There are two sides to every story, and stupendously talented author/artist Gene Luen Yang elevates that saying to a whole new level with Boxers & Saints. In this double volume, graphic novel masterpiece, two teenagers become caught up in the Chinese Boxer Rebellion of 1898 on opposite sides, fighting to retain their identity and hold on to their hard won religious values.
Boxers tells the story of Little Bao, the youngest son in a motherless family of farmers from a poor village. When a Catholic missionary priest smashes the statue of one of his village’s gods in front of him, he is devastated, especially since the opera stories he sees during the spring fairs make him feel as though the ancient gods are his close friends and allies. As he grows into adulthood, he begins training with a kung fu master in order to join the rebellion against these foreigners who have their own army and refuse to respect the native Chinese ways. Soon he is heading up his own small army, each member fueled by the angry spirits of the old gods. But as the “Society of Righteous and Harmonious Fist” marches closer and closer to the capital of Peking to “eradicate the foreign devils” once and for all, Little Bao begins to question his rock solid faith as the number of bodies of innocent people build in his violent wake.
Saints tells the story of Four-Girl, a lonely child who is considered a bad luck devil by her family no matter how much she tries to win their approval. The only person who shows her kindness is the village acupuncturist, who is also a Christian. He tells her Bible stories that fire up her imagination, and she begins having recurring visions of Joan of Arc. Soon she decides to become baptized and join the church. She gets a new name, Vibiana, and leaves home to work at a Catholic orphanage, followed by her visions of Joan. When Little Bao’s army comes to her village’s doorstep, Vibiana decides that God is calling on her to be His warrior maiden like Joan of Arc. The tragic, unpredictable result of Little Bao and Vibiana’s final meeting will haunt you long after you close the covers on Saints.
The earthy/monotone palate of both volumes perfectly conveys the rural landscape and hardscrabble life of the peasants, only exploding into vibrant color when Little Bao’s pantheon of Chinese gods arrive on the scene, with their rainbow robes and elaborate masks, or Four-Girl’s golden vision of Joan of Arc shimmers between the trees outside her home. While this exceptional work will no doubt help gazillions of readers understand the complexity behind religious wars and personal freedoms, it can also be appreciated as a swiftly paced adventure peopled with men, women and gods who bring this fascinating period of Chinese history to bloody life. I was blown away by both the richly illustrated package and the timeless message. Read them in the order the title suggests, (first Boxers, then Saints) and then pass them along to everyone you know.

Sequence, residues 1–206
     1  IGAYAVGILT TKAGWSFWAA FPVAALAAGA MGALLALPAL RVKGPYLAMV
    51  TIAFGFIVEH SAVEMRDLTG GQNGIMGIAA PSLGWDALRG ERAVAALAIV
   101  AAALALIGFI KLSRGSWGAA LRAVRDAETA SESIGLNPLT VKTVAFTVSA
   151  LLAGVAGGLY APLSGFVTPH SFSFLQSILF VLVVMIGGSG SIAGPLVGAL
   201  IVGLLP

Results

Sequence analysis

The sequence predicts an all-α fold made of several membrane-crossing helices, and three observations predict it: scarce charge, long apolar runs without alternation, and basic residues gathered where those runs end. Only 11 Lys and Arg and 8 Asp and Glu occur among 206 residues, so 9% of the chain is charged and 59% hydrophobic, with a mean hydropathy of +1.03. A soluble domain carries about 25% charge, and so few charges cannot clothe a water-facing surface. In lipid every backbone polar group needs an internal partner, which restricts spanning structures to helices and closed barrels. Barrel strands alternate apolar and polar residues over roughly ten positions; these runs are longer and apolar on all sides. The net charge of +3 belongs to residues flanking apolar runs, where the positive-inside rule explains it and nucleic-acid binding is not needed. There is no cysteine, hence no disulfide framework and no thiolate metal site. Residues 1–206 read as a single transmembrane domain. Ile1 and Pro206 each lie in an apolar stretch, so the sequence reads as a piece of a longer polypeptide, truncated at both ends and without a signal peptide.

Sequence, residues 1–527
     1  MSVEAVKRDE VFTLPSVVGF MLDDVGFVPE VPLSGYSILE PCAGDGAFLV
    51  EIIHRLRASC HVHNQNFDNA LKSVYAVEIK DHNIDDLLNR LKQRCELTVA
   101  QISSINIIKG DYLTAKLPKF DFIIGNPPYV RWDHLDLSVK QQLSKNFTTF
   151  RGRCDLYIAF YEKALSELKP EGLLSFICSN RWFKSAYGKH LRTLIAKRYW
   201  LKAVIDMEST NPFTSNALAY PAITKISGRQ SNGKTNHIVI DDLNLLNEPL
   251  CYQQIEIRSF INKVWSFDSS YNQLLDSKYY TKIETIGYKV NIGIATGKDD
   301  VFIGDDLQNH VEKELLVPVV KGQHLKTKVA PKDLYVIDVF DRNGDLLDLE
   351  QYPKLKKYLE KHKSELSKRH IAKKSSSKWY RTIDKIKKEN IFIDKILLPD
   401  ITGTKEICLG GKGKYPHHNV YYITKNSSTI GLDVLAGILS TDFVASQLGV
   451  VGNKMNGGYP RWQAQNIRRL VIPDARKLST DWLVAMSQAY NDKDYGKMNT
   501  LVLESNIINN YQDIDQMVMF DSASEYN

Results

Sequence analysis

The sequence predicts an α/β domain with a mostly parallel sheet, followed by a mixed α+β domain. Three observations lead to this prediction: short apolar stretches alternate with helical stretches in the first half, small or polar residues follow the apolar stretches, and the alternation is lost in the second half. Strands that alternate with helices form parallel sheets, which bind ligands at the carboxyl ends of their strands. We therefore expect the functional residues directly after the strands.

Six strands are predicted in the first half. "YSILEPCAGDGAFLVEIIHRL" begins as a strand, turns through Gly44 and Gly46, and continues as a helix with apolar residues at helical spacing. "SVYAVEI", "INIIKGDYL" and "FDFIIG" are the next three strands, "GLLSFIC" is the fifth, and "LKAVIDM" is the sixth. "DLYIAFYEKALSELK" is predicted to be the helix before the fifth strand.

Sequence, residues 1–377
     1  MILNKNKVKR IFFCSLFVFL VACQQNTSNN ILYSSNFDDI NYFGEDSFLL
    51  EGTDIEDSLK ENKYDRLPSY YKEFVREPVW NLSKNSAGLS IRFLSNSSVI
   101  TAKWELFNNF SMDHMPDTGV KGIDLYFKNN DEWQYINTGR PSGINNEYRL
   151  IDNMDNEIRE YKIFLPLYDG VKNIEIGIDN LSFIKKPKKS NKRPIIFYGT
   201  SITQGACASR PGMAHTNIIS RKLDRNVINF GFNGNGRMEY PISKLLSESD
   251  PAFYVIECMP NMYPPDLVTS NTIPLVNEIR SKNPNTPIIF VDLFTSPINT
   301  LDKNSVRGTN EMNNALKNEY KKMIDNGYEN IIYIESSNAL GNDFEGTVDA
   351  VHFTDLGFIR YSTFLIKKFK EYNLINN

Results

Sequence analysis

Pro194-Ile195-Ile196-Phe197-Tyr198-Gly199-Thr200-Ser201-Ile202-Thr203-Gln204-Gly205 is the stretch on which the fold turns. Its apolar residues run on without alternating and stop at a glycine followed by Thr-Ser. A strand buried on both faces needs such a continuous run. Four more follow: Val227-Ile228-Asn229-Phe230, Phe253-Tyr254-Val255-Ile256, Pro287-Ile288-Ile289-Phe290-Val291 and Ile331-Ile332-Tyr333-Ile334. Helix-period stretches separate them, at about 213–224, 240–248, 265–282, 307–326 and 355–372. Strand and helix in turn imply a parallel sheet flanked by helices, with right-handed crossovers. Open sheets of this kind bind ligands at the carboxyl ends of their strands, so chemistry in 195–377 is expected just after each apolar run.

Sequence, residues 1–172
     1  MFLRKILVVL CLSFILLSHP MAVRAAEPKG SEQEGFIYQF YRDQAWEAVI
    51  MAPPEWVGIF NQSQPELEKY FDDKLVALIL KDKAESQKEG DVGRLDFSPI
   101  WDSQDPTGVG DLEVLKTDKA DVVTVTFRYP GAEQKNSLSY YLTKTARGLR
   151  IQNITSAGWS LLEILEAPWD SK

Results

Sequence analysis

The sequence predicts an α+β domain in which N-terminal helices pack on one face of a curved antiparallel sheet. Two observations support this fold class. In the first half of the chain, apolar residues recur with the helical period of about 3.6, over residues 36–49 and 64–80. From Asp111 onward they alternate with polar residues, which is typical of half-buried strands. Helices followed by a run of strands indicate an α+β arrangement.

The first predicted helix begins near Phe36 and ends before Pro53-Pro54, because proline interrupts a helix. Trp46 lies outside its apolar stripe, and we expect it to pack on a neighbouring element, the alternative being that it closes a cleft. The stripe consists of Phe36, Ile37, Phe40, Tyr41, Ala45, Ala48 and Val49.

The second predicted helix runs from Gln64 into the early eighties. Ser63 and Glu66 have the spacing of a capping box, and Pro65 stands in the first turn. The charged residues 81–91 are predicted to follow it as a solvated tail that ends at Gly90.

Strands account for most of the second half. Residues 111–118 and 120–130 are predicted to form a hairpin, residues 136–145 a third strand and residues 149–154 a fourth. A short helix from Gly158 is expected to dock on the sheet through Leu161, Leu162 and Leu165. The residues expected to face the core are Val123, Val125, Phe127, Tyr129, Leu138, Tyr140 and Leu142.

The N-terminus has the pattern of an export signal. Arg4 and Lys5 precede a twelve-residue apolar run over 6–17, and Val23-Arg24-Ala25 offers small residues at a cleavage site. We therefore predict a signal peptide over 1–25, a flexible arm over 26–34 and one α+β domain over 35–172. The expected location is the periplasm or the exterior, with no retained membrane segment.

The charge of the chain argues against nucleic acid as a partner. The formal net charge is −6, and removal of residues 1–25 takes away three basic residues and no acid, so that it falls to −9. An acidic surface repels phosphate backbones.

Revenge of the Nerds meets Mean Girls in this high-sterically funny GN drawn by the author of The Adventures of Superhero Girl and Friends with Boys. Charlie is a basketball jock. Nate is a robotics nerd. But somehow they manage to be best friends–until Charlie’s ex-girlfriend Holly proposes using school funds earmarked for the robotics team to instead finance her cheerleading squad’s new uniforms. Furious, Nate decides to try and take over the student council by any means necessary so he can have some say in how the funds are allocated. This incites an all out war between the nerds and the cheerleaders that involves everything from a hijacked scoreboard to copious amounts of weed killer and places Charlie unhappily in the middle. And while it’s not fun being pulled between the two factions, at least it helps distract Charlie from the fact that his divorced parents are making him miserable. But when Nate discovers an original way to solve both funding problems (two words: Robot Rumble) Charlie finds himself in the unlikely role of peacemaker between his best friend and his ex-best girl. Can he find a way to broker peace between his parents as well? This story of high school high jinks crackles with energy fueled by Faith Erin Hicks‘ bold, blocky artwork and Prudence Shen’s chuckle making dialogue. The trash-talking alone at the Robot Rumble had me snorting in my subway seat. You’ll want to throw this in your beach bag pronto. (Want a sneak peek at the panels? Read the webcomic version here.)
Do you remember the first time you realized you were no longer a kid? Maybe it was when your best friend started “going out” with someone and never had time for you anymore. Maybe it was at your middle school “moving up” ceremony when your principal shook your hand instead of hugging you and your parents asked if you would rather get a job instead of going to camp this summer. It’s tricky, that moment. One foot is still on the playground, while the other hovers uncertainly over adulthood. For twelve year old Zach, that moment comes when his father decides the time has come for Zach to retire his “action figures” and throws them away while Zach is at school. Devastated but determined not to show it, Zach tells his two best friends Poppy and Alice that he simply doesn’t have time anymore for the elaborate fantasy game they’ve played for years using dolls and their imaginations. But Poppy can’t let go. She insists that the creepy doll locked in her mom’s china cabinet that has loomed large in their imaginations as the evil Queen of their fantasy land is possessed by the ghost of a girl who needs them to return her to her grave site. Zach and Alice are skeptical until Poppy tells them, “Did you know that bone china has real bones in it?…She’s made from human bones. Little-girl bones.” And the doll does seem to have sack of what looks like ashes inside her. So the three friends go on a quest to return the Queen to her grave, encountering spooky circumstances that may or may not be the result of the dead girl’s ghost. Is there really a ghost, or is this just Poppy’s attempt to keep them believing in magic just a little longer? And what are these new feelings brewing between Alice and Zach? Secrets are revealed between the three that begin to tip the balance from believing that everything is possible to understanding that life isn’t always fair. “I hate that everyone calls it growing up but it feels like dying.” says Poppy passionately, sounding exactly like you, me and any other person who’s been twelve, thirteen, thirty, sixty five or eighty. The feeling that sometimes growing up sucks is universal, and it doesn’t necessarily get any easier as you start hitting the numbers that stop ending in “teen.” Holly Black so gets that in this beautifully melancholy book about endings and beginnings that will speak to readers of all ages. Without a doubt, one of the best books of the year.